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From the archives: the Bill Bratton edition

14 August 2011

1:48 PM

14 August 2011

1:48 PM

As James Forsyth says today, No10 wants Bill Bratton to not just take
charge of the Met but start a revolution in policing. A ‘Stop Bratton’ campaign has duly begun with Sir Hugh Orde, himself a candidate for the job,
saying that he’s not sure he wants to "learn about gangs from an area of America that has 400 of them.”

But it’s worth noting, though, that Bratton has advised the British government before: in June 2006, at the beginning of John Reid’s tenure at the Home Office. Allister Heath (now
editor of CityAM) went to meet him and reported back in The Spectator. His piece is below.

‘You can control crime’, Allister Heath, The Spectator, 24 June 2006

It was as if the two men had suddenly burst out of nowhere. ‘You’re coming with us,’ one of them growled as they pounced on Caroline, grabbing her by the arms and starting to drag
her down a dark side alley. It was the early hours of Saturday morning in central Durham, about a mile from the cathedral, a part of the city which is never deserted; so my friend, a 22-year-old
medical student, lashed out screaming and kicking as hard as she could. For a split second, the kidnappers hesitated, allowing her to break free and run for her life.

But Caroline’s nightmare was soon compounded by the almost surreal ineffectiveness of the authorities. Durham City police station, which used to open around the clock, was closed, the manned
presence replaced by an intercom. Despite repeated promises, officers never came to see her, blaming overwork. It took 14 hours and five phone calls before Caroline was finally granted an
‘incident number’; her ordeal may not even be recorded as part of the government’s crime figures, buttressing the laughable claim that crime is under control in Tony Blair’s
Britain. One police operator informed Caroline that her attack wasn’t ‘a violent incident’; nobody seemed to care that two dangerous maniacs were still on the prowl in central

When I was told of Caroline’s brush with disaster last weekend, I was reminded of Irving Kristol’s famous line that a conservative is a liberal who has been mugged by reality. But then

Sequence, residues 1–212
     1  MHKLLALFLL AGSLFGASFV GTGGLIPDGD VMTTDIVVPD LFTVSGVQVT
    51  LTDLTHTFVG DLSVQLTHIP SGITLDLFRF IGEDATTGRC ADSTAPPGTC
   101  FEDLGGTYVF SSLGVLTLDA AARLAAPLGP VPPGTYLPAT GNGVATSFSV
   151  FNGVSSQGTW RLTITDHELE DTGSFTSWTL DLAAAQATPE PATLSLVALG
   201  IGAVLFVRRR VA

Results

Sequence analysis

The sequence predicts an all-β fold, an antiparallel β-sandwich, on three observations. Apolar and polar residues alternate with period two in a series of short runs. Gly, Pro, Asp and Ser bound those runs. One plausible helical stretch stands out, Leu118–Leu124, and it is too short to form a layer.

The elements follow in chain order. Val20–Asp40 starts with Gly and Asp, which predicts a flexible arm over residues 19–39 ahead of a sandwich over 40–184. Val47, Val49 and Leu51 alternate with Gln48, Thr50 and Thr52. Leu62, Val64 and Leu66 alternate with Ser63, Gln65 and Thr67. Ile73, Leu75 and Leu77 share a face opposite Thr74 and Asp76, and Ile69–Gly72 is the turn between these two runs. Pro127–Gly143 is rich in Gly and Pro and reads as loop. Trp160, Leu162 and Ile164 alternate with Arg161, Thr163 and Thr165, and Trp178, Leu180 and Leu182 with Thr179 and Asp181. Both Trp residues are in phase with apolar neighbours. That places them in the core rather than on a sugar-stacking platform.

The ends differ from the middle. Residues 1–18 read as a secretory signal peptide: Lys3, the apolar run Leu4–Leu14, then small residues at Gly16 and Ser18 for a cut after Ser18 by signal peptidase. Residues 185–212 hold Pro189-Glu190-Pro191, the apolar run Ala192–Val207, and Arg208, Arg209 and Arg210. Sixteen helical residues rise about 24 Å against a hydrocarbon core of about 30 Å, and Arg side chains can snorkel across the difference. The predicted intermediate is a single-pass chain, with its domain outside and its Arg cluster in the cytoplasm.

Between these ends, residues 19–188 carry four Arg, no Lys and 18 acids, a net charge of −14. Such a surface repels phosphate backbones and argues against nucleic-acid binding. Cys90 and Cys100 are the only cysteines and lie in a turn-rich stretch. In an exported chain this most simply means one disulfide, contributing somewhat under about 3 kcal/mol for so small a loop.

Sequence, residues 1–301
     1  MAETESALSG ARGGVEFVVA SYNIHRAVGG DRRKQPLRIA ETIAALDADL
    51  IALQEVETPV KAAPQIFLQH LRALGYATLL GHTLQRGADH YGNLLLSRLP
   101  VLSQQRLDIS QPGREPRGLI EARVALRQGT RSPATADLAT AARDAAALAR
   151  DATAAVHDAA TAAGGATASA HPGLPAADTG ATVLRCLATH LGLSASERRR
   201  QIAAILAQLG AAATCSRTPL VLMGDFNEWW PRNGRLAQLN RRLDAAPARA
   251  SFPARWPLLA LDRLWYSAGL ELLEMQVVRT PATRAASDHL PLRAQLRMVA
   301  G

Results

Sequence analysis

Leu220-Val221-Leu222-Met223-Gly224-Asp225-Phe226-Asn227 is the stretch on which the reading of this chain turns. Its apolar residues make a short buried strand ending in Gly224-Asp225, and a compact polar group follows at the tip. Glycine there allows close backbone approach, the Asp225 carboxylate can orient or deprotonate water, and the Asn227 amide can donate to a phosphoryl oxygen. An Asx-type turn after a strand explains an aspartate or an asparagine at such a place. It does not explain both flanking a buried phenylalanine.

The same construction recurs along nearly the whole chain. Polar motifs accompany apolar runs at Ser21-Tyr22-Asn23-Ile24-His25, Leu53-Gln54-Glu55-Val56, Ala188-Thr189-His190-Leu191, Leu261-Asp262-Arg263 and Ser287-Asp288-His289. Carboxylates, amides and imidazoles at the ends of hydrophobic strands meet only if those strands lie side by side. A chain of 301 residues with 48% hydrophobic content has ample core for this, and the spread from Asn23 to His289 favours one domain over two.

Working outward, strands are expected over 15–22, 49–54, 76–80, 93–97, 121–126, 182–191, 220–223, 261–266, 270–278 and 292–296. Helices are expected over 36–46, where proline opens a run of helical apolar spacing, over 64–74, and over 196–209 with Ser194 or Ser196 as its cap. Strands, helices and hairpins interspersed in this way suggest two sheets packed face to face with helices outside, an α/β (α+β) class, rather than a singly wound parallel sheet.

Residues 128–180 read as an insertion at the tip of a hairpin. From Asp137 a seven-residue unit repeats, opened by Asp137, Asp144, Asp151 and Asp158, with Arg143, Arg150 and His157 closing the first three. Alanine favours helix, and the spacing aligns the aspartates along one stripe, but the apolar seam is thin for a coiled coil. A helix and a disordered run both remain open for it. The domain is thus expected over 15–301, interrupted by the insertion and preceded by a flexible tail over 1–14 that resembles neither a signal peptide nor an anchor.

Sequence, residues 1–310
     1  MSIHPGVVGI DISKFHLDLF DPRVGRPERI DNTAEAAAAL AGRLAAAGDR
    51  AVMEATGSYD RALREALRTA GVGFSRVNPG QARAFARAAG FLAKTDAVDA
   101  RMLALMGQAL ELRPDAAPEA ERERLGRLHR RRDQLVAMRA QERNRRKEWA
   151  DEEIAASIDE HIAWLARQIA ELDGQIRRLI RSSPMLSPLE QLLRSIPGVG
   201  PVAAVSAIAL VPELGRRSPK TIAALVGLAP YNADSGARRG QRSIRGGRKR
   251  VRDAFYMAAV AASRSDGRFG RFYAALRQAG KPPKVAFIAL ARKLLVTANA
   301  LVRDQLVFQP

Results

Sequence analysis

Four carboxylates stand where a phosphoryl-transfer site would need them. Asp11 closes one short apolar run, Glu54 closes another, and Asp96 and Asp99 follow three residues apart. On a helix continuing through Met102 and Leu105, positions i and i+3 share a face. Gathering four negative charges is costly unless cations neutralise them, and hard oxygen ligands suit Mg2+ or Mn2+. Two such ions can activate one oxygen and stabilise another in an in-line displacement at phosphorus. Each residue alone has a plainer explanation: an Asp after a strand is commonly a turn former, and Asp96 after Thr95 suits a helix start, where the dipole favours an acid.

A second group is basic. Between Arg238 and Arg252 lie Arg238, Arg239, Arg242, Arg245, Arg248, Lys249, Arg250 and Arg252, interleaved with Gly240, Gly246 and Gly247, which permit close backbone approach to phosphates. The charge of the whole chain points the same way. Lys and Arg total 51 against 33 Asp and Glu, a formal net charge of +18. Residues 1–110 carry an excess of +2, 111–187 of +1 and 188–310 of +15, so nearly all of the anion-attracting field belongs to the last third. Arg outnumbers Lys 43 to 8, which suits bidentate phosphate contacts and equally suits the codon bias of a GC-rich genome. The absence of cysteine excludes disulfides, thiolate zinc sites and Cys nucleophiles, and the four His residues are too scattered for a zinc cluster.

I realised that in today’s angry, crime-ridden Britain, where many of us have friends or loved ones who have been mercilessly robbed or assaulted, a conservative is simply anyone who —
perhaps against his better instincts — cheers on Clint Eastwood when, in his role as the rogue San Francisco cop Dirty Harry in those old 1970s movies, he ruthlessly hunts down and takes out

Those who take the Dirty Harry test with friends and family will soon discover that even many members of the smoothie-drinking, environmentally conscious, public-sector classes are unable to resist
the charms of Harry Callahan and his Smith & Wesson .44 Magnum. In an otherwise increasingly liberal Britain, attitudes to crime are one of the few areas where traditional values have largely
survived the culture wars; however, love for the bobby on the beat of yore has been replaced by a quiet rage against politically correct or incompetent police forces, judges and politicians.

Mr Blair and his new Home Secretary, John Reid, are well aware of this — more so than those Tories disdainful of popular support for a publicly accessible register of convicted child sex
offenders. Indeed, even hardliners like David Davis are more cautious than the Prime Minister and the Home Secretary about the so-called Sarah’s law, modelled on America’s Megan’s
law. It helps to explain why Mr Blair chose to call more forcefully than ever for a shift in emphasis from the rights of the criminal to the rights of the victim in an important speech in Bristol,